Tradeoffs, Prioritizing Advantages, & Levels
In this lesson, we'll look at some ways we can prioritize advantages of the microservice architecture and some potential trade-offs that should be considered.
We'll cover the following
Which of the discussed reasons for switching to microservices is the most important depends on the individual scenario. The use of microservices in a greenfield system is the one exception.
More often, a deployment monolith is replaced by a microservice system (see chapter 4). In that case, different advantages are relevant.
The easier scaling of development can be an important reason for the introduction of microservices in such a scenario. Often, it is impossible to work quickly enough with a large number of developers on a single deployment monolith.
The easy migration away from the legacy deployment monolith facilitates the introduction of microservices in such a scenario.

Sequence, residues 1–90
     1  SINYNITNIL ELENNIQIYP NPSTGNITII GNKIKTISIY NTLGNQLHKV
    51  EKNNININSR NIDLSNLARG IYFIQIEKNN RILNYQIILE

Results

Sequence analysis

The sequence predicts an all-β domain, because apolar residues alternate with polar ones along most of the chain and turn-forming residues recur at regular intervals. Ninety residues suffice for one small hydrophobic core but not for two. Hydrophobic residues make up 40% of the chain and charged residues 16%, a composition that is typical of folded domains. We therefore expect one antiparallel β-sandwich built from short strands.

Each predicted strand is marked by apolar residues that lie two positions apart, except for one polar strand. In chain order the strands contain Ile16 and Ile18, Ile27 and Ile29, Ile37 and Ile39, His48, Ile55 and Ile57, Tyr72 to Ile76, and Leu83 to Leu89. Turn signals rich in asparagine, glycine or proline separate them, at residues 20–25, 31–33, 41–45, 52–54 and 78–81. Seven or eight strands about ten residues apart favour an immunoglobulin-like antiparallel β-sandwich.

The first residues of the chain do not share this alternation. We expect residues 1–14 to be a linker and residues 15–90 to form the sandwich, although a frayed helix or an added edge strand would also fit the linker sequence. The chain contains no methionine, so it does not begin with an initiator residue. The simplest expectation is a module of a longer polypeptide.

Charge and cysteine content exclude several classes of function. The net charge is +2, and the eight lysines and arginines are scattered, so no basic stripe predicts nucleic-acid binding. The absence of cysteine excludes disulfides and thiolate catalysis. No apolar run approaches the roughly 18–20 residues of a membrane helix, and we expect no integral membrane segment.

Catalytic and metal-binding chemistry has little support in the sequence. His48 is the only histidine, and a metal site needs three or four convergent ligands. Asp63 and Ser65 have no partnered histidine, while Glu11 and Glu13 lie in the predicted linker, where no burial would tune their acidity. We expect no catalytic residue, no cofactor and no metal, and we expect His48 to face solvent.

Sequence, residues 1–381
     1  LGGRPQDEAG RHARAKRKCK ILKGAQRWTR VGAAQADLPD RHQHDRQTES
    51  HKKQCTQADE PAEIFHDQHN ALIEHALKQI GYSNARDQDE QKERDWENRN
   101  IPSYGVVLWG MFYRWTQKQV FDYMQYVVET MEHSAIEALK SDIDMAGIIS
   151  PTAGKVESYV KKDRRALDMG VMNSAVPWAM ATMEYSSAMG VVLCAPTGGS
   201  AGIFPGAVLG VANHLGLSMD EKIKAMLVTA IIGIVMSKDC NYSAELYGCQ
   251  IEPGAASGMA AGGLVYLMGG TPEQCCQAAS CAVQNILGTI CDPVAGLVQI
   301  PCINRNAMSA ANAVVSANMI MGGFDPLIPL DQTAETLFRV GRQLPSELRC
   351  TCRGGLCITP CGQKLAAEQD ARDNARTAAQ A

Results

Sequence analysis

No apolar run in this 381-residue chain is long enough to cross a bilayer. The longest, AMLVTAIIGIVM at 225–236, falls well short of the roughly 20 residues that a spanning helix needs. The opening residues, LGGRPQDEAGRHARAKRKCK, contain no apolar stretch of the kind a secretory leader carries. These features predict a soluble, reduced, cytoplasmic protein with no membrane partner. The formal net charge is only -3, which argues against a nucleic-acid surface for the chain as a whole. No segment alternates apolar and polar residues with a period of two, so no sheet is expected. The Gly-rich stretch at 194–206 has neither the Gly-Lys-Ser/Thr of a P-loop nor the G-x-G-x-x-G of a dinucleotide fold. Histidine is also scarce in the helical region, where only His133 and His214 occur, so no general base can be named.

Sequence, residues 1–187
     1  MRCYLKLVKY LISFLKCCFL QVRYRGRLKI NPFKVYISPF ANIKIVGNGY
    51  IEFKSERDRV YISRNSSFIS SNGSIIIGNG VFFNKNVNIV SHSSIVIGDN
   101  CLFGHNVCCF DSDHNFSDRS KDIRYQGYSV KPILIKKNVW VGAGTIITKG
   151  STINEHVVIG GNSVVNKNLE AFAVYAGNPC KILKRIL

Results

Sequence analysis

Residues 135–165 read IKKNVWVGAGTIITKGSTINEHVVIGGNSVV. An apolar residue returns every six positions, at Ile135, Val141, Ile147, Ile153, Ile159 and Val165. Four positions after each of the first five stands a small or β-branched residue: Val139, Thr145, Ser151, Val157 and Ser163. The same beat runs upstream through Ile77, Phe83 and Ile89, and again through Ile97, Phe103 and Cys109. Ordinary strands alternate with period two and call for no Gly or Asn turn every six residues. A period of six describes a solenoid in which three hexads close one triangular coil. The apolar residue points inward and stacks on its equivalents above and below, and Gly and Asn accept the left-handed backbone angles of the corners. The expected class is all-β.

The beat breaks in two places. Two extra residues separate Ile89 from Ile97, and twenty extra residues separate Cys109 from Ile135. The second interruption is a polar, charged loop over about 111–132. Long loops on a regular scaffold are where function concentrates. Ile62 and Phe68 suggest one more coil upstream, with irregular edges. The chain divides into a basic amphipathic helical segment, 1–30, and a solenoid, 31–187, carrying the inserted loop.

Continuous delivery is often an additional goal. The aim is to increase the speed and reliability with which changes can be brought into production.
The scaling of development is not the only scenario for a migration. For example, when a single Scrum team wants to implement a system with microservices, scaling development would not be a sensible reason since the organization of development is not large enough for this. However, other reasons are possible. Continuous delivery, technical reasons like robustness, independent scaling, free technology choice, or sustainable development all play a role in such a scenario.
In the end, it is important to focus on increasing the business value. Depending on the scenario, an advantage in one of the previously mentioned areas might make the company more profitable or competitive, for example, faster time to market or better reliability of the system.